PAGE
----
A couple landlords got different answers from the same bank depending on how long they’ve had their mortgage. And everyone, whether they be landlords or tenants, must prove income has been affected by COVID-19.
“Nobody that I personally know who owns investment properties have been able to qualify for a deferral on their mortgage,” says Guirguis.
She says she knows eight landlords who have tenants who have communicated they cannot pay their rent but do not qualify for a deferral. Some were denied because a non-paying tenant does not meet the requirement for a deferral.
Even if a landlord does qualify for the mortgage deferral, they will have to pay eventually.
“This is not mortgage forgiveness,” says Mathieu Labrèche, spokesperson at Canadian Bankers Association in a statement. “Mortgage deferral means that payments are skipped for a defined period of time, during which interest that would otherwise be part of the deferred payments is added to the outstanding balance of the mortgage.
“The added interest is incorporated into the monthly payment, either when payments resume at the end of the deferral period or upon renewal at the end of the mortgage’s term.”
For example, a landlord who purchased a million-dollar home with a 20 per cent down payment must pay almost $4,000 monthly, half of which is interest. If a payment is deferred, both the principal portion and the interest portion are added back to their principal loan and both deferred amounts begin accruing compounded interest.
Put simply, a mortgage deferral may save the most desperate in the short term, but it is a dangerous way to accumulate debt.
And that doesn’t even consider how property tax, utilities and maintenance fees figure. Toronto has announced a 60-day, interest-fee grace periods for property tax and utility bills, but the payments must be made eventually.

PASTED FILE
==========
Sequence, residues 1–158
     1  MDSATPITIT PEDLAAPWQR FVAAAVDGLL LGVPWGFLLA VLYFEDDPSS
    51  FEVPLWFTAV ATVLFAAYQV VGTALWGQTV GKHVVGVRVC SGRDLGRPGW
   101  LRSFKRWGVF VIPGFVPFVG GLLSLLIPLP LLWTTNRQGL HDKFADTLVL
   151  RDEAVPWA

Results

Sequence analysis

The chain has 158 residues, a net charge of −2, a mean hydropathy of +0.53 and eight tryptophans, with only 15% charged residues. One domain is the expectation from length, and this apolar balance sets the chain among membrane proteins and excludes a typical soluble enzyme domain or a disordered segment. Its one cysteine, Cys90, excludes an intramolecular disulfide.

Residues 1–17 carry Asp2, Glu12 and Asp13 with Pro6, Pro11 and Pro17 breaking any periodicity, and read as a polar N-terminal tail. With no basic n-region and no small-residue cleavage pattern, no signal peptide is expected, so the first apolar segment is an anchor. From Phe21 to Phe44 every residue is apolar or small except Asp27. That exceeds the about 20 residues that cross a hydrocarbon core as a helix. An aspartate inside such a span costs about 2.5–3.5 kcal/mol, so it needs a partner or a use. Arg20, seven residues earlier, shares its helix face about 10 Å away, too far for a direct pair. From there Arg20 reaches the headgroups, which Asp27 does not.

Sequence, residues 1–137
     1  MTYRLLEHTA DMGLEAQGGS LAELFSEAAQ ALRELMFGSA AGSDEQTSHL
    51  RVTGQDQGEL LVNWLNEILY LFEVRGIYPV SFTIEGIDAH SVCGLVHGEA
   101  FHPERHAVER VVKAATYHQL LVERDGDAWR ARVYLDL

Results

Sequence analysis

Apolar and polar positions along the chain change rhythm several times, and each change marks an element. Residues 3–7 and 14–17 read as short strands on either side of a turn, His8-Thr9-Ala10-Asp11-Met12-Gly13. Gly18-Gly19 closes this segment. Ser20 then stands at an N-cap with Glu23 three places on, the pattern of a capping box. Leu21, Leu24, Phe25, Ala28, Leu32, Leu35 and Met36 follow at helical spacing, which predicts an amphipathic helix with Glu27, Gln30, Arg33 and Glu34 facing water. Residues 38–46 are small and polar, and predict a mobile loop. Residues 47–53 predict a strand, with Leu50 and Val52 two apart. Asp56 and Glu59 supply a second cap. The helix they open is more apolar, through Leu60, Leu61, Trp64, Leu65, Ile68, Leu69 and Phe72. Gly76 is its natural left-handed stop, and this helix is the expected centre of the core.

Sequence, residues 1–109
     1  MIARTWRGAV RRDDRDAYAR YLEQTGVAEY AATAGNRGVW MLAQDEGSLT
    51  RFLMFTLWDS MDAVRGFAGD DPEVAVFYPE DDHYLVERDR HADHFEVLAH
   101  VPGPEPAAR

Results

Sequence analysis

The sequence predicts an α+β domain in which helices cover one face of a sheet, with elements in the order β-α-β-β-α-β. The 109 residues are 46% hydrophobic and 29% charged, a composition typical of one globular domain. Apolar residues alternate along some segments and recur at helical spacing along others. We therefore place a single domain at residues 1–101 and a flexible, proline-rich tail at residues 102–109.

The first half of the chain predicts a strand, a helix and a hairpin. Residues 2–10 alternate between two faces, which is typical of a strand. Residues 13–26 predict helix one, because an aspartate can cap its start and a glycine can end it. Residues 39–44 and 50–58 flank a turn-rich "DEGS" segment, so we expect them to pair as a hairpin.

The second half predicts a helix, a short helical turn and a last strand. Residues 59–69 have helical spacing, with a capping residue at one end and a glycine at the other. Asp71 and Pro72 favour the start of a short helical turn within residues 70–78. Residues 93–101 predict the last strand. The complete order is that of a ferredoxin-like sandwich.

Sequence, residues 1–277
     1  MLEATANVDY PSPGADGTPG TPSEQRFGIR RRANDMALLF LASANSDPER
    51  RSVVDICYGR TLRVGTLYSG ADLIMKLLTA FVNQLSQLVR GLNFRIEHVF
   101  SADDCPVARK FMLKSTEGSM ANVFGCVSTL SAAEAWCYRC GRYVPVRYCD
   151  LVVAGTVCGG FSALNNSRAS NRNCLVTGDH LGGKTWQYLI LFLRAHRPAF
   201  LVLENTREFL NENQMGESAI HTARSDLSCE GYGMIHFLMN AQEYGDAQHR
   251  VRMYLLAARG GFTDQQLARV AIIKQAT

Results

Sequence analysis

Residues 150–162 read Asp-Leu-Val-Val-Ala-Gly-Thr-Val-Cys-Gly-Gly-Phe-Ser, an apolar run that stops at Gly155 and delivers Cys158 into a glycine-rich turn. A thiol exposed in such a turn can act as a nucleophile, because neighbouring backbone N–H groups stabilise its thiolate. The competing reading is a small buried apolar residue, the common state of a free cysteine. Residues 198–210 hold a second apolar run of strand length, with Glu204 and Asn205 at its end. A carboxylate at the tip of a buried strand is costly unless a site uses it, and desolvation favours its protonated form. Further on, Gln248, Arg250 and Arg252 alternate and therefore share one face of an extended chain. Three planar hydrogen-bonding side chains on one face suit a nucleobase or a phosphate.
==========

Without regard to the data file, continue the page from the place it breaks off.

Big vs small landlords
Corporate landlords will keep going despite missing some rent payments because their profits are large and operating costs are relatively low. Many are Real Estate Investment Trusts (REITs) that accumulate wealth for pension plans.
Smaller landlords say they need to be viewed differently than corporate property owners.
“The guy who owns a triplex has huge costs,” says Guirguis. “They’re barely covering their basic expenses. If all three tenants don’t pay rent, that landlord can’t pay their mortgage. That landlord is probably not qualified for a deferral.”
Kocev adds many landlords operate at a loss, especially if they are renting a newly built condo.
“Despite how high rents are in this city, by the time you factor in mortgage, condo fees and insurance, some are losing between $300-$500 a month,” says Kocev.
Why would a landlord take such a hit? To pay down that mortgage while the condo accumulates value. In 25 years, they could have an asset to apply toward retirement, provided the banks don’t foreclose on it before then.
There are also landlords who live in their properties and rent out a part of their home to pay the mortgage. “Some of these homeowners who are small landlords really rely on that income to be in their homes,” says Kocev.
Ontario has frozen evictions to curb the spread of COVID-19, but the move was a financial blow to landlords who had been waiting months to vacate tenants who haven’t been paying rent.
“The minute a landlord gets to $5,000-$10,000 in arrears, that can wipe out a few years of any profit,” says Kocev, who adds that all the protections provided to tenants while small landlords are left in the cold is why the latter consider selling properties or setting up an Airbnb.
Amid the financial turmoil, small landlords were heeding Ford’s and Tory’s calls to communicate and work with tenants. Both Kocev and Guirguis have tenants who lost jobs due to the COVID-19 pandemic. Both are coordinating payment plans that work for both parties.
“Two of my tenants have reached out to let me know they’re not sure how they’re going to manage,” says Guirguis. “We’ve already coordinated a payment plan to help alleviate the stress of having rent due immediately until they sort out EI and all those other things.”
“If you honestly can’t pay it, landlords are going to have to understand that and be compassionate,” says Kocev. “If you’ve gone from a full-time job to $450 from EI a week and your rent is $2,000 a month in the city plus food and other bills, you’re just not going to have it. We have to be appreciative of that.”
“People don’t have the income coming in,” Guirguis continues. “Instead of attacking the landlord, maybe work with the government to change the regulation so that it’s not so awful.”